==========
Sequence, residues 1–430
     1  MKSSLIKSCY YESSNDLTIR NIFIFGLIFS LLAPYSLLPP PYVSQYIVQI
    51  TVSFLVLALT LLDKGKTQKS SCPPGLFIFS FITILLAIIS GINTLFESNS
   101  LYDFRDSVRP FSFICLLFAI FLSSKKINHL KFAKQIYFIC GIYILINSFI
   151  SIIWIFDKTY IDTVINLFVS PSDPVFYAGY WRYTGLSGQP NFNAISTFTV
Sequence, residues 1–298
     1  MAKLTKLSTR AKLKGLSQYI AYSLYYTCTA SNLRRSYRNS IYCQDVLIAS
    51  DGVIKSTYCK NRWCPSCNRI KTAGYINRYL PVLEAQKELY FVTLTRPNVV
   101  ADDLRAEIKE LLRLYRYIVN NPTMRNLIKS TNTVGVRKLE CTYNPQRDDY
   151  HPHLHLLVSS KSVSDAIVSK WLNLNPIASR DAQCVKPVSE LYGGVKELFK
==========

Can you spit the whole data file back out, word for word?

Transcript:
Sequence, residues 1–430
     1  MKSSLIKSCY YESSNDLTIR NIFIFGLIFS LLAPYSLLPP PYVSQYIVQI
    51  TVSFLVLALT LLDKGKTQKS SCPPGLFIFS FITILLAIIS GINTLFESNS
   101  LYDFRDSVRP FSFICLLFAI FLSSKKINHL KFAKQIYFIC GIYILINSFI
   151  SIIWIFDKTY IDTVINLFVS PSDPVFYAGY WRYTGLSGQP NFNAISTFTV
Sequence, residues 1–298
     1  MAKLTKLSTR AKLKGLSQYI AYSLYYTCTA SNLRRSYRNS IYCQDVLIAS
    51  DGVIKSTYCK NRWCPSCNRI KTAGYINRYL PVLEAQKELY FVTLTRPNVV
   101  ADDLRAEIKE LLRLYRYIVN NPTMRNLIKS TNTVGVRKLE CTYNPQRDDY
   151  HPHLHLLVSS KSVSDAIVSK WLNLNPIASR DAQCVKPVSE LYGGVKELFK